Its not the presence of fish, it is the absence of stuff
I have not researched this area thoroughly enough, but it would also make sense that it is the absence of other things in the diet of those who choose to eat more fish, rather than the presence of fish by itself that might contribute to “improvements” in things like triglicerides in patients who choose to adhere to a cerain diet or take a supplement.
Once again, this is just an opinion, but it seems to me that patients who choose to modify their lifestyle in any way benefit tremendously from whatever the food additive/vitamin/supplement they choose to add to their diet (Especially if they also exercise, lose weight, and eat less in general). I am not aware of any adverse effects of consuming fish oil, omega 3 or anything in that category, but I would rather recommend a person walks a little more and eats a little less than take any form of supplement.
Here are a few exaples of quotes from abstracts that I have read on the subject:
“Because of the suboptimal quality of the studies included into the meta-analysis and the absence of data in patients receiving statins, these results do not justify adding fish oils systematically to the heavy pharmaceutical assortment already recommended in CHD patients.”- Am J Prev Med. 2005 Nov;29(4):347-52.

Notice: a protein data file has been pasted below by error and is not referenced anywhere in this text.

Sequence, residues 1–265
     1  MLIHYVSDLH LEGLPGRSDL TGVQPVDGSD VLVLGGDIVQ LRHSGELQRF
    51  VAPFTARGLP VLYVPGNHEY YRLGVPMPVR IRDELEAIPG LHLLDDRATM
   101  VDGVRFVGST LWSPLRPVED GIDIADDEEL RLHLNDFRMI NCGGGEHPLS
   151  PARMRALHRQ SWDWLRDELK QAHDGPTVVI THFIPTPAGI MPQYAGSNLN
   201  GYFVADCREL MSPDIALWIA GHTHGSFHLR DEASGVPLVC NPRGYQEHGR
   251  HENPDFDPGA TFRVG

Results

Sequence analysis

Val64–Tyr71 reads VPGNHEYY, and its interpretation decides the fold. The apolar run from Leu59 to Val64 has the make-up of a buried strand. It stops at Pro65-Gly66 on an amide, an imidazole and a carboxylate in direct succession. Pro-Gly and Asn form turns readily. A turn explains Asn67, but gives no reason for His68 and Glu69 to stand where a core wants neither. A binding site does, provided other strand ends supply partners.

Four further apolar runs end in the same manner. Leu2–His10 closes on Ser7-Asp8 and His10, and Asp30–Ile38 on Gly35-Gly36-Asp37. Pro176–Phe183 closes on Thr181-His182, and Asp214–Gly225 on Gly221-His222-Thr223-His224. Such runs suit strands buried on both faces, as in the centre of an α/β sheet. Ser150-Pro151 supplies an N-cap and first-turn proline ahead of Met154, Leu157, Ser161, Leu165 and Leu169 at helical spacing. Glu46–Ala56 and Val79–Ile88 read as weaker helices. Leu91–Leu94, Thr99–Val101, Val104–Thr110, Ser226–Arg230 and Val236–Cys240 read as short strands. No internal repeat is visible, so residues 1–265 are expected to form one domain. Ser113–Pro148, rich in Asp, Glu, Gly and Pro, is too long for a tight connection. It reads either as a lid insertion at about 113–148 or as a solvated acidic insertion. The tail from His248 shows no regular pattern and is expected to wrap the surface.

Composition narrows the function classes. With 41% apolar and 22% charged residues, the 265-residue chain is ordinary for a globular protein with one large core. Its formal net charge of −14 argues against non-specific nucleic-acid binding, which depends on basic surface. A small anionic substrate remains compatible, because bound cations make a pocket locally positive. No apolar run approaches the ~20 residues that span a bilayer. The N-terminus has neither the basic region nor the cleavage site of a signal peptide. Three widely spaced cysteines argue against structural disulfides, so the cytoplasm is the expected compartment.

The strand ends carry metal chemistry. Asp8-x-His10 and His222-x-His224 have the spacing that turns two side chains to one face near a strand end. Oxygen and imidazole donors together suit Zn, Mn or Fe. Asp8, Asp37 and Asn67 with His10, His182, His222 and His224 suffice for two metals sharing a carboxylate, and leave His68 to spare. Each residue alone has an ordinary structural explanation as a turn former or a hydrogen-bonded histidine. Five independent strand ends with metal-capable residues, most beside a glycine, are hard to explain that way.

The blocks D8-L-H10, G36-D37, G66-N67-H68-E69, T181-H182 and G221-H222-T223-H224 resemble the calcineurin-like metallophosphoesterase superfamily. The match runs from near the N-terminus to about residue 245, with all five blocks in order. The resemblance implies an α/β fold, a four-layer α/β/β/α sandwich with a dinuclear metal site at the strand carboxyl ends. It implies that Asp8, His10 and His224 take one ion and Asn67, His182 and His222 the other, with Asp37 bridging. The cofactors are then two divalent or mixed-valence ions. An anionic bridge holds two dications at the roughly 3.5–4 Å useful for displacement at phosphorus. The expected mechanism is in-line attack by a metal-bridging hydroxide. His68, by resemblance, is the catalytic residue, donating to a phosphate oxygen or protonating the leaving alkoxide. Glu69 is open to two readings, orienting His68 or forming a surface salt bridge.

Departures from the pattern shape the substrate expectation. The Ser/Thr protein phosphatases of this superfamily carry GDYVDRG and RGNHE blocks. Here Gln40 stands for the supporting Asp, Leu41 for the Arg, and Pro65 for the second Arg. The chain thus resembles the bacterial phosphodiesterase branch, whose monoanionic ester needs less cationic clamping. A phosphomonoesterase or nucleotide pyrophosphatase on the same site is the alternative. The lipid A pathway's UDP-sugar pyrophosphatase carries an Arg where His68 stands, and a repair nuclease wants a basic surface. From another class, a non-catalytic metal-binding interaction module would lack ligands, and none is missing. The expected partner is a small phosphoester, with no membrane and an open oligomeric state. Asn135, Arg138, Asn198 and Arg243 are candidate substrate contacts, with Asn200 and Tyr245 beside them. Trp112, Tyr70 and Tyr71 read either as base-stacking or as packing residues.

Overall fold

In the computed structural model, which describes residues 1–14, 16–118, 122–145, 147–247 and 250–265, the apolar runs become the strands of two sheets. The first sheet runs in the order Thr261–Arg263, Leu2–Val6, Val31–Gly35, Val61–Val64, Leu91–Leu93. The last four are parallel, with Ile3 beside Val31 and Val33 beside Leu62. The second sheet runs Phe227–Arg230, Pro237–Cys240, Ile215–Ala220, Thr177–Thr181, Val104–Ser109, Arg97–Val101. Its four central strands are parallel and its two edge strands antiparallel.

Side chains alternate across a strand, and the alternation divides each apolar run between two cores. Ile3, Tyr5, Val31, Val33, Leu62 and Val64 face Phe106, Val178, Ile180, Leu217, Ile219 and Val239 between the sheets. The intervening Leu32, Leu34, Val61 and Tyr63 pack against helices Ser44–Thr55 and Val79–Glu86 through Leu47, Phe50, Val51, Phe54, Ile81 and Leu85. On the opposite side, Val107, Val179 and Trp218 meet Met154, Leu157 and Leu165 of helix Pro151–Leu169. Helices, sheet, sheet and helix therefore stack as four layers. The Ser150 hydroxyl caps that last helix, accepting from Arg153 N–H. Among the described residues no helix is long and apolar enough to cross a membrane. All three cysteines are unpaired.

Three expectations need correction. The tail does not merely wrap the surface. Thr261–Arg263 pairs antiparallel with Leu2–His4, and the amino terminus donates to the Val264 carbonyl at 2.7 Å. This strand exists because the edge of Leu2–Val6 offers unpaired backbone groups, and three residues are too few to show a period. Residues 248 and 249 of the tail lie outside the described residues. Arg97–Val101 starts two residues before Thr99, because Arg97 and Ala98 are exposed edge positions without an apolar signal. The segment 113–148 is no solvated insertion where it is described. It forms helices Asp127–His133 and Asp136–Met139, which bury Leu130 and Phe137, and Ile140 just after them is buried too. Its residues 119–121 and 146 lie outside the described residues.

“This meta-analysis shows that consumption of ALA might reduce heart disease mortality. However, the association between high intake of ALA and prostate cancer is of concern and warrants further study.” -J Nutr. 2004 Apr;134(4):919-22.
And probably the most famous of these meta-analyses—-
“There was no difference in summary estimates between dietary and non-dietary interventions of n-3 polyunsaturated fatty acids for all endpoints. CONCLUSION: This meta-analysis suggests that dietary and non-dietary intake of n-3 polyunsaturated fatty acids reduces overall mortality, mortality due to myocardial infarction, and sudden death in patients with coronary heart disease.” - Am J Med. 2002 Mar;112(4):298-304. - Note - here, the fact that there is no difference b/w dietary and non-dietary interventions is especially suspicious since dietery interventions are historically prone to low yield results (See latest JAMA diet studies, where weight loss is marginal and temporary even for those who choose to adhere to the diet)